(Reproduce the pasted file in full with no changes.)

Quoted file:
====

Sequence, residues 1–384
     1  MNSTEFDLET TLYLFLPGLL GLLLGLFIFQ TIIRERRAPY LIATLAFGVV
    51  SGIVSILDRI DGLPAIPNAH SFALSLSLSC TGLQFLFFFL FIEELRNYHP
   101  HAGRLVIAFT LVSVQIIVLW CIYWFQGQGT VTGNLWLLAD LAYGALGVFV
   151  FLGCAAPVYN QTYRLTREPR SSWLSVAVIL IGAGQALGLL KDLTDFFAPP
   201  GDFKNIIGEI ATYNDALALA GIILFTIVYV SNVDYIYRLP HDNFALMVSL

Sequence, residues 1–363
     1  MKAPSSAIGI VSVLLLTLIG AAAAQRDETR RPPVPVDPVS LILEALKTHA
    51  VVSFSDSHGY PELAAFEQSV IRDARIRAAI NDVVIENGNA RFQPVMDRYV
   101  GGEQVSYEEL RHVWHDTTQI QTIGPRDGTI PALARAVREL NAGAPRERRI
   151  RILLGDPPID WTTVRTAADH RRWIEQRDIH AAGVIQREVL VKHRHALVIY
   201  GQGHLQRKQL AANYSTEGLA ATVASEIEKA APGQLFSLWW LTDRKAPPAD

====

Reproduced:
Sequence, residues 1–384
     1  MNSTEFDLET TLYLFLPGLL GLLLGLFIFQ TIIRERRAPY LIATLAFGVV
    51  SGIVSILDRI DGLPAIPNAH SFALSLSLSC TGLQFLFFFL FIEELRNYHP
   101  HAGRLVIAFT LVSVQIIVLW CIYWFQGQGT VTGNLWLLAD LAYGALGVFV
   151  FLGCAAPVYN QTYRLTREPR SSWLSVAVIL IGAGQALGLL KDLTDFFAPP
   201  GDFKNIIGEI ATYNDALALA GIILFTIVYV SNVDYIYRLP HDNFALMVSL

Sequence, residues 1–363
     1  MKAPSSAIGI VSVLLLTLIG AAAAQRDETR RPPVPVDPVS LILEALKTHA
    51  VVSFSDSHGY PELAAFEQSV IRDARIRAAI NDVVIENGNA RFQPVMDRYV
   101  GGEQVSYEEL RHVWHDTTQI QTIGPRDGTI PALARAVREL NAGAPRERRI
   151  RILLGDPPID WTTVRTAADH RRWIEQRDIH AAGVIQREVL VKHRHALVIY
   201  GQGHLQRKQL AANYSTEGLA ATVASEIEKA APGQLFSLWW LTDRKAPPAD